Adult Bullies and their Enablers

Adult Bullies and their EnablersEvery Friday my syndicated column appears in a bunch of newspapers in southeastern Ontario and Saskatchewan. This week’s talks about adult bullies–do you know one?

Anti-bullying campaigns are all the rage in our schools today. What we often fail to remember, though, is that bullying behavior doesn’t stop the moment one dons a graduation cap.

Have you ever encountered an adult bully?

I’ve been in social situations when someone has said something so outrageous and mean-spirited that I was temporarily rendered mute, a state which drove me absolutely bonkers as I was lying in bed later that night thinking of all the things I should have said. They eluded me at the time because the situation seemed so bizarre.

I think that’s why adult bullies can be so effective: the behavior is just so out of the ordinary.

Sure, we may talk behind people’s backs (which is terrible, too), but in general we try to be polite to people’s faces. When someone violates that cardinal rule, we’re often so shocked that we say nothing. Perhaps it’s the residual British culture in us, but we’re not programmed to make scenes; we’re programmed to avoid scenes.

Bowling over people, then, becomes an awfully effective way at getting what they want. And adult bullies may genuinely not realize they’re pretentious jerks, although I think more likely they don’t care. They have such an inflated sense of their own self-worth that they keep at it.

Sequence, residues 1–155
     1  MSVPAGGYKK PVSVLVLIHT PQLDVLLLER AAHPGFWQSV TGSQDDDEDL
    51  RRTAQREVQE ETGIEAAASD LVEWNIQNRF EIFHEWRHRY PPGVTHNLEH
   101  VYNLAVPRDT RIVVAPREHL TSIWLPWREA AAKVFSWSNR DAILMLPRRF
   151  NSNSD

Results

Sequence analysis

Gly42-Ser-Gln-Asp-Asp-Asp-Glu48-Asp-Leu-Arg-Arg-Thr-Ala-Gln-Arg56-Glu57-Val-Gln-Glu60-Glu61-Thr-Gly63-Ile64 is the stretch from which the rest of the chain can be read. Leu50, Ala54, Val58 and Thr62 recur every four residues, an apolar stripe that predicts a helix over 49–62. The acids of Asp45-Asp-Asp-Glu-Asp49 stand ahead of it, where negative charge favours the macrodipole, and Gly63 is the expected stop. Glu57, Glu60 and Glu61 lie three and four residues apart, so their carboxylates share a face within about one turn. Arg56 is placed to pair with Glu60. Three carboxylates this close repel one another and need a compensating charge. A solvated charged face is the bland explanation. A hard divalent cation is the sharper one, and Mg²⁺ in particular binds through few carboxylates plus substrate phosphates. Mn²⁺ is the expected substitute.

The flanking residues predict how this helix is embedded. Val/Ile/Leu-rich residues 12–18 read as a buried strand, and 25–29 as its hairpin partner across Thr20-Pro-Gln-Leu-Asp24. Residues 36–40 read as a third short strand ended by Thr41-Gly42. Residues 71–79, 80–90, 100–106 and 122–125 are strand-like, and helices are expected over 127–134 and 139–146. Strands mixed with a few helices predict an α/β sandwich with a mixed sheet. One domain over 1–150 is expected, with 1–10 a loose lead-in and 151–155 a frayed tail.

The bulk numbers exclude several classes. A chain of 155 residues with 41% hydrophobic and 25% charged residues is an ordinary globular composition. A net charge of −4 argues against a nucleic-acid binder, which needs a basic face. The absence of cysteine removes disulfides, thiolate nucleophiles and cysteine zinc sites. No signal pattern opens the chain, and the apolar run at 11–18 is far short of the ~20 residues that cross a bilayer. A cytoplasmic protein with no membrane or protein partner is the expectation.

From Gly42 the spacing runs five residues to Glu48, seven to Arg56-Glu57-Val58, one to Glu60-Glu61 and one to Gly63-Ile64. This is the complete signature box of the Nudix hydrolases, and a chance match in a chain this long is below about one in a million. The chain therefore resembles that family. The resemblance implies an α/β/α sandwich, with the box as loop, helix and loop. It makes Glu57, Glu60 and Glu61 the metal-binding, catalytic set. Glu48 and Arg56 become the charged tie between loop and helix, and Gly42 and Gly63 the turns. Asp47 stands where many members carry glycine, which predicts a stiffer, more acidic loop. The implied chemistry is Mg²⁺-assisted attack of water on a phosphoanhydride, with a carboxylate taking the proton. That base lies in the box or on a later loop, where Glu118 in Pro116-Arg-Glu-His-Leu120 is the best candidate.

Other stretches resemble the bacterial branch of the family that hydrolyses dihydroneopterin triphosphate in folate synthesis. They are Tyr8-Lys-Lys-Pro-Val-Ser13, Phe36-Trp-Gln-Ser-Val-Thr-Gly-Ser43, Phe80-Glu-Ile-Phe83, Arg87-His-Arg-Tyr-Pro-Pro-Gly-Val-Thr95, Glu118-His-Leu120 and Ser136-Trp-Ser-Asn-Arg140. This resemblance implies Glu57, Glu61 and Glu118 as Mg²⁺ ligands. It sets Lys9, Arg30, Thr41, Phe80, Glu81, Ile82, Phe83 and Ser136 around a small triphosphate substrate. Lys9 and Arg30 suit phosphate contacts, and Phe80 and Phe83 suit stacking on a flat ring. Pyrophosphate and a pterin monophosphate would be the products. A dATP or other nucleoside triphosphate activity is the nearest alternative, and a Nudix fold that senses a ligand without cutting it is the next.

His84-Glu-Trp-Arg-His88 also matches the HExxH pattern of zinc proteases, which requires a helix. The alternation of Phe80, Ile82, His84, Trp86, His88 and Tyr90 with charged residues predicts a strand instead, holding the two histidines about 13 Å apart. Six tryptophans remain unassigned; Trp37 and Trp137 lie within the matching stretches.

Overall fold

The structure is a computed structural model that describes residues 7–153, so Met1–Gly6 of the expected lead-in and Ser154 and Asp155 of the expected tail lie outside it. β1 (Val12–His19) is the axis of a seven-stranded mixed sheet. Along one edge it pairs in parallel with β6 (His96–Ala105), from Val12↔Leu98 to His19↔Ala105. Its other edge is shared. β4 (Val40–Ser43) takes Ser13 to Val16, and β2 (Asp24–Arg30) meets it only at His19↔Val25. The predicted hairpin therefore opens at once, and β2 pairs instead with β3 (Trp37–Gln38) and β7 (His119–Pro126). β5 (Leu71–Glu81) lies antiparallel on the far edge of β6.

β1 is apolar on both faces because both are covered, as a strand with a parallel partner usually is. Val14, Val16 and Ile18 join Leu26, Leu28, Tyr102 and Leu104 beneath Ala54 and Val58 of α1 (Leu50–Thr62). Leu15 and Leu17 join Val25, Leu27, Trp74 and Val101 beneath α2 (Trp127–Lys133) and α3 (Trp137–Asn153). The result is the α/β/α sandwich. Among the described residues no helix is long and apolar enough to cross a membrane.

We’ve been busy teaching children how to deal with bullies, but perhaps we need a refresher course for adults.

You’re being bullied if someone constantly demeans you or says snide remarks about you. You’re being bullied if someone is constantly yelling at you or criticizing you. You’re being bullied if someone deliberately isolates you in social or work situations. And you’re being bullied if someone is constantly making helpful “suggestions” and laying guilt trips if you don’t take them.

I often find that adult bullies tend to be older, especially in families. They think they have the right to tell other people how to live their lives and demand things a certain way. And we tolerate it, because “that’s just Grandpa Joe.” Or we do our best to compensate, running interference if anyone opens their mouths and says something that may set him off. We spend our energy trying to placate or distract Grandpa Joe so nothing bad happens. What kind of family life is that?

Sometimes bullying, especially in families, is more covert.

If you call out an adult bully, they reply with incredulity, “I was just asking questions! I can’t believe you took it that way,” putting the blame back on you. And then you start to wonder if you’re the crazy one. Yet even if you turn yourself inside out to try to please the bully, you never will, because bullies thrive on the feeling of instilling fear. Meet one demand and they’ll come up with another.